Future looking better after major change in the political dynamic - Donald Anderson

Sir Keir Starmer and Scottish Labour leader Anas SarwarSir Keir Starmer and Scottish Labour leader Anas Sarwar
Sir Keir Starmer and Scottish Labour leader Anas Sarwar
The nations have spoken. Despite a low turnout election, the new Labour government has an emphatic majority with which to pursue change.

Already the political atmosphere has been transformed from frenetic and at times chaotic noise to one of calm and methodical consideration of issues. No rash promises and what looks like a deliberate (and smart) attempt to promise less and deliver more.

For Edinburgh and Scotland the political landscape has been transformed. In the city Labour has pulled off a remarkable success with solid majorities achieved by winning seats from the SNP. At a local level that will mean more and better resourced Labour campaigns in a city that I well remember Alistair Darling telling me long ago is a “Tory city”. Labour wins in Edinburgh are hard won and fragile, but the win this time is very significant.

Hide Ad
Hide Ad

The Prime Minister made a visit to the city an early priority and (rightly) met with First Minister John Swinney. The tone was constructive and cooperative. Expect friction down the line, but the politics is no longer the mix we’ve had of megaphone diplomacy and street theatre. Politics just got more serious.

Labour wants to drive economic growth and as one of Scotland’s biggest opportunities for growth, the party will be keen to start quickly. The Scotland Office under Ian Murray is being beefed up and will have more resources. It remains to be seen how much of that comes to Edinburgh, but this new government will be keen to make a difference in both Edinburgh and Scotland.

That will undoubtedly mean more partnership working. The delivery of the Forth Green Freeport, perhaps the most significant economic development opportunity in a decade in the city, shows that even under a Conservative government it can be done. Expect more such innovation and investment, perhaps in trams.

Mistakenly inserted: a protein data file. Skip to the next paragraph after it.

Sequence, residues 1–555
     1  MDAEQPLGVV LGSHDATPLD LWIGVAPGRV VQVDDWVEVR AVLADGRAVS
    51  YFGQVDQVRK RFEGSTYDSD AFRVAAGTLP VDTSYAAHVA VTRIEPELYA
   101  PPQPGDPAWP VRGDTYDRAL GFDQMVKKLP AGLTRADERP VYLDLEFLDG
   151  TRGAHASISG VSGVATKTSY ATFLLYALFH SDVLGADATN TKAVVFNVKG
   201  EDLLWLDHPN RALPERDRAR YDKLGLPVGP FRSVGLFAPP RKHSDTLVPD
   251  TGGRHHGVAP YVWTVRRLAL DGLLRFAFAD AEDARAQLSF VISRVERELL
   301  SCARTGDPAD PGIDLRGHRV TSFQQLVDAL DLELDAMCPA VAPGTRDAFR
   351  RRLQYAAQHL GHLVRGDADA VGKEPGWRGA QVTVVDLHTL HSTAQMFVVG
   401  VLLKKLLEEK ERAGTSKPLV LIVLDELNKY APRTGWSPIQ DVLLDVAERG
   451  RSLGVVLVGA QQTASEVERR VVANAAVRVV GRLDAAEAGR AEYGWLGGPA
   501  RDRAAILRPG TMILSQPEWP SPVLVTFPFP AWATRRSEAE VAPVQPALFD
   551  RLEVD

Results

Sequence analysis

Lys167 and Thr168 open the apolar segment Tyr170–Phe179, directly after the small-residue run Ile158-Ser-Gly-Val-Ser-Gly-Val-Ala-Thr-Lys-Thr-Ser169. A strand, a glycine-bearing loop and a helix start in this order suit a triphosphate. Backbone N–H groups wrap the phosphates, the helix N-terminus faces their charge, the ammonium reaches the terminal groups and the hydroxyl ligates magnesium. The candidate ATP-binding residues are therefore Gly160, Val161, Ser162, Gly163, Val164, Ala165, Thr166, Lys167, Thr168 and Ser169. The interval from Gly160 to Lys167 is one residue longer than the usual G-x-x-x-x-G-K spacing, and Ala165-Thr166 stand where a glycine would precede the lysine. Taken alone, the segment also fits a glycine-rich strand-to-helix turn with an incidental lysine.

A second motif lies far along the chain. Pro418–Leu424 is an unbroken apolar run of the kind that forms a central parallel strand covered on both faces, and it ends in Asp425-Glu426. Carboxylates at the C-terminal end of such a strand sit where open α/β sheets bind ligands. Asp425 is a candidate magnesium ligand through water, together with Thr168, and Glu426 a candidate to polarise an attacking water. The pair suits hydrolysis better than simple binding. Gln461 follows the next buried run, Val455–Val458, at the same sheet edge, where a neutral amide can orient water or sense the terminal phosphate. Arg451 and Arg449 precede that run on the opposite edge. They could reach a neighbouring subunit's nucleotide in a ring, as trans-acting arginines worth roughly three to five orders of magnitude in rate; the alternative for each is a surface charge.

The emphasis in Edinburgh will be on unleashing private investment rather than massive sums of new public money. In Scotland, Labour will be keen to carefully target resources, and as we’ve seen from recent news about Glasgow and Aberdeen, their cities face far more acute challenges. Expect more public investment to accompany the location of the new GB Energy in Aberdeen.

Hide Ad
Hide Ad

Edinburgh is the most successful city economy in the UK outside London. Labour will be keen to nurture and continue that success. That could mean some serious work to develop Scotland’s growth corridor along the central belt, which is comprised of Edinburgh and Glasgow city regions and all in-between. Investment there is central to Scotland’s future success and such an approach would be smart.

Housing is being prioritised, but that is a reserved matter. Nonetheless increased housebuilding south of the border will add pressure to solving issues, such as rent controls, which have stopped investment and pushed rents up to record levels. That “peer pressure” could focus minds on delivering more homes in Scotland. Let’s hope so.

So, major change in the political dynamic. A more serious tone to the political debate and targeted investment to help foster economic growth in Edinburgh and in Scotland. After the challenges of recent years, the future does look better. However, as Keir Starmer would probably admit, nothing will be easy and there is a lot of work needed to restore faith in politics and politicians.

Donald Anderson is a director of Playfair Scotland